These days, realistically speaking, unless your primary source of internet service is dial-up or true wireless (that is, not DSL/Cable with WiFi), speed and/or data volume are seldom issues.
Microsoft, and all computer makers, slowly transition to delivery based upon what is the most commonly available method of transit and these days that's generally broadband with no data caps. I have DSL that's 4.5 Mbps upstream/0.9 Mbps downstream, which is hardly lightning fast by any broadband standard these days (including 4G true wireless) and these cumulative updates don't take that long to download. Given that you can now set active hours to block downloading for up to 12 hours per day, and that's soon to expand to 18 hours per day, you have a lot of control over making updates download when you're most likely to be away from the machine. I don't even know if most old-style Windows Updates that were on the large side (and I don't mean cumulative ones, either) would succeed downloading over dial-up these days.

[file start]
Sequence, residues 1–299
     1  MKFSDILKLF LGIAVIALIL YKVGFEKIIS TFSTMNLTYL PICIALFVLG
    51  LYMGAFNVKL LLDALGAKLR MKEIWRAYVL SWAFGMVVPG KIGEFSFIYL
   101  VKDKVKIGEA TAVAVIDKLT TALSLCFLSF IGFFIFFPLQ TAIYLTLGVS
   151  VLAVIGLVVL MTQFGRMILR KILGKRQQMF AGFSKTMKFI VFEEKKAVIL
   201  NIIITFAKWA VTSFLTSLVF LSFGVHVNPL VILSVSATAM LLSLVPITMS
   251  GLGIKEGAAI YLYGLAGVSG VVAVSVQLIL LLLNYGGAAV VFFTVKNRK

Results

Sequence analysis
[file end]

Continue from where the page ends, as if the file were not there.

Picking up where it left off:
There is no way that Microsoft, or any other company, can or should operate based upon the presumption that dial-up speeds are the norm anywhere or that slow DSL will not be sufficient for virtually any of the cumulative updates to download during the most restricted number of hours available.
You literally cannot please all of the people all of the time. Companies have to operate on the presumption that people buying new technology, or choosing to upgrade to an OS where the nature of updates was well publicized, have the data throughput to handle it. To suggest otherwise is simply not reasonable or we'd all be back in the days of DOS.
Windows, along with every other operating system I've dealt with at the PC level, has required less and less end-user intervention and effort to maintain as time has gone by. Most of that is the direct result of automatic updates. You really don't get one without the other and the market has already spoken, and loudly, about what it wants on that front. There is no "one size fits all" but there's plenty of latitude in the "one size fits the majority of our customers" range.
Edited by britechguy, 11 October 2016 - 05:01 PM.